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Homepage > Publication Type > Media Releases > Assessing Turkey’s Role in Somalia

Assessing Turkey’s Role in Somalia

Nairobi/Istanbul/Brussels  |   8 Oct 2012

As a new Somali government is established, Turkey’s engagement in the war-ravaged country must be thoughtful and carefully coordinated so as not to lead to yet another failed international intervention.

Assessing Turkey’s Role in Somalia, the latest briefing from the International Crisis Group, examines Turkey’s role in helping stabilise Somalia and its new government. Prime Minister Recep Tayyip Erdoğan’s courageous visit to Mogadishu in August 2011 at the height of the famine and his decision to open an embassy gave fresh impetus to efforts to establish lasting peace in the country. But Turkey should tread with caution. Over twenty years, many states and entities have tried to bring relief and secure peace in Somalia, often leaving behind a situation messier than that which they found. Ankara must understand that it cannot solve the country’s many challenges alone.

“Trying to go solo could backfire, hamper ongoing efforts and lose the immense good-will Turkey has accumulated”, says Abdirashid Hashi, Crisis Group’s Somalia Analyst. “It needs to secure the support and cooperation of both the Somali people and the international community”.

Turkey’s humanitarian endeavours and its status as a Muslim and democratic state established it as a welcome partner. Ankara has signalled it is in for the long haul. Because of its timely famine relief and apparent strong commitment, as well as Somalis’ gratitude, its contribution is seen as colossal, even though Turkey’s presence on the ground is relatively small. But the positive image has a downside; it creates great expectations in regions that are not receiving Turkish assistance. Despite generous diplomatic and political support, Turkey’s means are modest and its material support will likely remain limited.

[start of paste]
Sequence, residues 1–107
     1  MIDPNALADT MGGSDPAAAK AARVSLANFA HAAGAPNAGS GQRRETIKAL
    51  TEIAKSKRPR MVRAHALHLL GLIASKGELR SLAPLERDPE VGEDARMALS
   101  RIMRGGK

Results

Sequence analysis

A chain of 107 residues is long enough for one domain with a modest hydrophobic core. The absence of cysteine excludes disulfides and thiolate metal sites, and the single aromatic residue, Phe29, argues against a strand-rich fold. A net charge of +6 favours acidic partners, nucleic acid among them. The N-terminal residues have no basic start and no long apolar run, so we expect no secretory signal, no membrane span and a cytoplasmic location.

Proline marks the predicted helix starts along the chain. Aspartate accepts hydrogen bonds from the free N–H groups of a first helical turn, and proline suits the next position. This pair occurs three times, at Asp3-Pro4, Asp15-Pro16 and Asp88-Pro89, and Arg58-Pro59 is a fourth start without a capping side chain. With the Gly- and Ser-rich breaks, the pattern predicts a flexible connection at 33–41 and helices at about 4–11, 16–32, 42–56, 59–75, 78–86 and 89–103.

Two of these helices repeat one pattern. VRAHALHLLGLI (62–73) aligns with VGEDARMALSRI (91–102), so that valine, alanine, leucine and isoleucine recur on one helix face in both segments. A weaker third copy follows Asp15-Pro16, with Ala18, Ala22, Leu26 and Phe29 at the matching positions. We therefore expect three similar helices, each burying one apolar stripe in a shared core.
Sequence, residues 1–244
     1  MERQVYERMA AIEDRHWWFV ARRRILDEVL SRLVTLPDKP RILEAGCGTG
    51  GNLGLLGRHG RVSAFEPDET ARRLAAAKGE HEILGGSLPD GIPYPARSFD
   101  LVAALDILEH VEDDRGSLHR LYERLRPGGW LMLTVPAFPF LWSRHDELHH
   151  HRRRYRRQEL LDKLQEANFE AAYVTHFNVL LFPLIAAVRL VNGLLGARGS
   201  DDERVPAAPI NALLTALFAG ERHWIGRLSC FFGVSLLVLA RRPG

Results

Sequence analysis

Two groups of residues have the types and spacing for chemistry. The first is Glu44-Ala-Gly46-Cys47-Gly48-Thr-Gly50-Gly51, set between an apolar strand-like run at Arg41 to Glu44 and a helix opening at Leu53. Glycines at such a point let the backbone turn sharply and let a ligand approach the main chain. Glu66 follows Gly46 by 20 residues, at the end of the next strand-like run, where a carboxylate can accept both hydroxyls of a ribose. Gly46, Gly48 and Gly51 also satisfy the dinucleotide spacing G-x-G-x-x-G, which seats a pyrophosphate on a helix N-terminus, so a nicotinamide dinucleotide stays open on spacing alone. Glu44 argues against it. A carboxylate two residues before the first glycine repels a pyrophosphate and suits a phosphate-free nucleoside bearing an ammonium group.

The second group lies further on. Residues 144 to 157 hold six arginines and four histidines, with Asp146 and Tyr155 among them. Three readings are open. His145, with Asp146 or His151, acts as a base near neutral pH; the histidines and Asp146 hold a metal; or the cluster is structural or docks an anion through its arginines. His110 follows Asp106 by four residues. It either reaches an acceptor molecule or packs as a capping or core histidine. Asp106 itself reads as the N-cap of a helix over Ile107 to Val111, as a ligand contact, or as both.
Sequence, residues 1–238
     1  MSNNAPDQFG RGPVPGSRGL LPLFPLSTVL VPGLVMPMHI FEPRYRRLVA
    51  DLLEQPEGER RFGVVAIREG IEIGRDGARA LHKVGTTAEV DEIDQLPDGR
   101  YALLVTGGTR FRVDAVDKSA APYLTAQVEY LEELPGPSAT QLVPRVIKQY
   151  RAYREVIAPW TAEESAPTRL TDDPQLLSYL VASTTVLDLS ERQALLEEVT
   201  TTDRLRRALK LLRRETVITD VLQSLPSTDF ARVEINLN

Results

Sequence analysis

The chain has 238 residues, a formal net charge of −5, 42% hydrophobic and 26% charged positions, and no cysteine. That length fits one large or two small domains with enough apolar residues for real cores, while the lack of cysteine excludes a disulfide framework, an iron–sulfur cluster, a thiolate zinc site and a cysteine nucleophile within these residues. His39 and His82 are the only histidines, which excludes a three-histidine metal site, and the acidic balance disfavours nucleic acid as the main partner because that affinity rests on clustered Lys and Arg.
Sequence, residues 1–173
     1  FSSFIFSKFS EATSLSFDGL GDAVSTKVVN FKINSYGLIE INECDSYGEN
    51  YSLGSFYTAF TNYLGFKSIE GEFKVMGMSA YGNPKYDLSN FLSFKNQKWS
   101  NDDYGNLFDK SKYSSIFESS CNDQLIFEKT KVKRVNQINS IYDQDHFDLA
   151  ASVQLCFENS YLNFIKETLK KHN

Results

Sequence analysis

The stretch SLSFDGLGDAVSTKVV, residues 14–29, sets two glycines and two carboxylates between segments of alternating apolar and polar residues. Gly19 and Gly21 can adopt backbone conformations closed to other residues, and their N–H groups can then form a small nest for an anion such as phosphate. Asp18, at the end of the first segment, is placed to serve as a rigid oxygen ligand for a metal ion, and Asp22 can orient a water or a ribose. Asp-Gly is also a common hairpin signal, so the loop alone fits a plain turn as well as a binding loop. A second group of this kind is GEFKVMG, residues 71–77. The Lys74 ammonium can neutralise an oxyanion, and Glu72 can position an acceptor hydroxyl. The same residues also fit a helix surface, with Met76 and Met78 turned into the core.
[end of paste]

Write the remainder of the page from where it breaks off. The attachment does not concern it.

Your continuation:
Somali criticism of the two conferences that were held in Istanbul from late May to early June 2012 should serve as a reminder of the volatility of and multiple fault lines in Somali politics. Turkey should lay out a public, clear and realistic long-term strategy for its Somalia policy, backed by secure funding and expertise. As it continues its activities, it should build up its knowledge of Somalia and coordinate with other countries and international agencies active in the country.

It is essential that Turkey remains impartial in Somali politics, and avoids being manipulated by Somali politicians who are long experienced in outwitting foreign newcomers. Targeted assistance should also be expanded to peaceful regions outside of Mogadishu.

“Turkey faces incredibly high Somali expectations that will lead to disappointment unless well managed”, says EJ Hogendoorn, Crisis Group’s Project Director for the Horn of Africa. “Ankara should be under no illusion that it can work unilaterally in Somalia; it should focus on building consensus and improving external coordination if its intervention is to be effective in stabilising the country and achieving lasting peace”.

 
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